Live updates: Follow the latest news on Israel-Gaza
Speaking to The National in Manama, Amos Hochstein, US Special Presidential Co-ordinator, stated that the off shore gas reserves in Gaza can be a source of revenue and energy independence for Palestinians in a future set up.
Mr Hochstein said “As we march towards a solution, into a future of Gaza that is not controlled by a terrorist organisation, but by the Palestinian people for themselves, we have to look at the economic activity."
While the US has refused to call for a ceasefire in Gaza and is focusing its efforts on the release of Israeli hostages taken by Hamas on October 7, Mr Hochstein is among officials assessing what “the day after” of the war will look like.
“There is an opportunity here to develop the gas fields in offshore Gaza, on behalf of the Palestinians," he said, in reference to marine gas reserves already discovered in Gaza.
Mr Hochstein said he has worked on the issue with the Palestinian Authority in Ramallah for the past year and a half and said "it is entirely possible”.
He stressed that “as soon as we get to the day after and this horrible war ends, there are companies willing to develop those fields”.
However, he warned “we shouldn’t exaggerate its potential, but it can absolutely be a revenue stream for a Palestinian government, and to ensure there is an independent energy system for Palestine”.
Asked if Israel would allow for such a set up, Mr Hochstein confirmed “yes, 100 per cent”. He said: “I am very confident, there is no reason for them not to, it is not theirs [the Israelis], the gas belongs to the Palestinian people”.
Mr Hochstein says there is a “clear mechanism that we have developed, that would pose no threat and would maximise the effectiveness for the Palestinian people”.
Mr Hochstein dismissed suggestions that the current war in Gaza is being driven in part due to Israel’s ambitions to control the gas. “Israel has enormous resources of its own, the maritime agreement for Lebanon was to allow it to develop it”.
The Lebanese-Israeli agreement on the maritime border still stands and Mr Hochstein, who visited Lebanon last week, is confident it will not be affected by the war.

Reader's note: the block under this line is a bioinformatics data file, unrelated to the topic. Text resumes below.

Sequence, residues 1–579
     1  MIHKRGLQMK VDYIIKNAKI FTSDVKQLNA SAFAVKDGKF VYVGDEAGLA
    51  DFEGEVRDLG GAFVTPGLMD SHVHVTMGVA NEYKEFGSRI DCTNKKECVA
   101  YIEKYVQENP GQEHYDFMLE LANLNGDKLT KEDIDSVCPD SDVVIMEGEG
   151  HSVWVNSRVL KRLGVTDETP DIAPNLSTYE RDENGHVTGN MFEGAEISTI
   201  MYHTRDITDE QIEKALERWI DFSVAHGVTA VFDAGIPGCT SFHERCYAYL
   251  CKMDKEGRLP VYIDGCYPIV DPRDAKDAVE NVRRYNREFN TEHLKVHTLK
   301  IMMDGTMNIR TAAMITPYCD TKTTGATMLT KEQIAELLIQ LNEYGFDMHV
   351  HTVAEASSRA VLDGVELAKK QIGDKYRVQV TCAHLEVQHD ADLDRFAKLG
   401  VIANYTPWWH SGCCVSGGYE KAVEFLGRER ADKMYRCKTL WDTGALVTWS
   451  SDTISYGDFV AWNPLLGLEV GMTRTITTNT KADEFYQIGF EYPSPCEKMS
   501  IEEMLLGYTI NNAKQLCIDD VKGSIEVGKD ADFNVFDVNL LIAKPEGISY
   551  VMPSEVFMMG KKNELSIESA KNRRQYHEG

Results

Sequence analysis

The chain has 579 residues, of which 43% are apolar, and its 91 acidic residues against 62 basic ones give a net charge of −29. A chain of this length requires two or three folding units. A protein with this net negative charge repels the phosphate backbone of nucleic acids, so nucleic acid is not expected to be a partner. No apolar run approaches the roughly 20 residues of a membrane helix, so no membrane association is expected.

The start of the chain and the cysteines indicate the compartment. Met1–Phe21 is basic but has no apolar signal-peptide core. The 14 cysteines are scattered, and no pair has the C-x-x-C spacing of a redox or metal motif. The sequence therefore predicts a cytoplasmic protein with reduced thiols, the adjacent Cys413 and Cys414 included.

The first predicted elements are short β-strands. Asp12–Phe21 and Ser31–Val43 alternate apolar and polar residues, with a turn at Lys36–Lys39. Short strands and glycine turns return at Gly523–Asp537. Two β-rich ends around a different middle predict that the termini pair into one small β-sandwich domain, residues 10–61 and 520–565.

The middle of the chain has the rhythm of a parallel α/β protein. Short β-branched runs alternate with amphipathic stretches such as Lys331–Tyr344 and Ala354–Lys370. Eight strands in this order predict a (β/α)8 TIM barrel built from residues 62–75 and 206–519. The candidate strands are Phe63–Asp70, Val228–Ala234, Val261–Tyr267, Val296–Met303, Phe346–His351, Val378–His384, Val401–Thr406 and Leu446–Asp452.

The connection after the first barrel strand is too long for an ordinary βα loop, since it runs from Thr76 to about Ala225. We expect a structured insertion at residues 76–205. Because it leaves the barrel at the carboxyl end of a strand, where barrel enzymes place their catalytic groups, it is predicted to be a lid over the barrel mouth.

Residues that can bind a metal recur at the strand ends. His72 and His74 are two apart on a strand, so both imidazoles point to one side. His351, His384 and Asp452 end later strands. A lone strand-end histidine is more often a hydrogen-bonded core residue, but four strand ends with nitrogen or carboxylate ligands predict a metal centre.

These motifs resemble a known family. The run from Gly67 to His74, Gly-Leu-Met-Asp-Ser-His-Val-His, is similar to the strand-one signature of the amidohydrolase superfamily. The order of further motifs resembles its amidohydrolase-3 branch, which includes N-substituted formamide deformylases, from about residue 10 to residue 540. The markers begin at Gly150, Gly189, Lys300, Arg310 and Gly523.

“I have spent over a decade on efforts of integration and connection, I firmly believe that economic ties, and physical integration leads to more prosperity, more connectivity and less conflict," he said.
Mr Hochstein acknowledged that at this extreme time of the war in Gaza “it is hard to see the positives, but I look at what can be done”.
His concern about the Israel-Gaza war was clear, saying “there are no winners in these wars. There is just death and destruction”.
During two days of meetings in Manama, Mr Hochstein was speaking to officials and participants about the potential of energy being a conduit for future peace in the region.
Speaking during a panel discussion, he touted the possibility of energy projects providing “military and diplomatic connectivity“.
In his interview with The National, Mr Hochstein said the maritime border agreement between Lebanon and Israel still stands. He added that the deal was important as it was important a deal to set the borders.
As for his message to officials in Lebanon during his visit last week, Mr Hochstein said it was "very simple: keeping Lebanon out of this war should be an issue of utmost importance for Lebanon, Israel, as it is for the United States”.
He added that officials have to make sure “Lebanon is not dragged into this war, that it does not escalate to another front”, describing that if it did happen that it would be "devastating for the Lebanese people and the Israeli people”.
When the maritime border deal was completed between Lebanon and Israel in October 2022, which Mr Hochstein played a major role in orchestrating, there were high hopes for gas discoveries to help relieve the crisis-struck Lebanese economy.
However, no gas has been discovered in Lebanon yet.
Mr Hochstein said that "Lebanon cannot wait for a magic wand to save all its problems”. Without a president or confirmed government, Lebanon continues to struggle.
Mr Hochstein stressed, “no gas is going to change that”. However, he sounded optimistic that off shore gas could be found, as exploration takes time.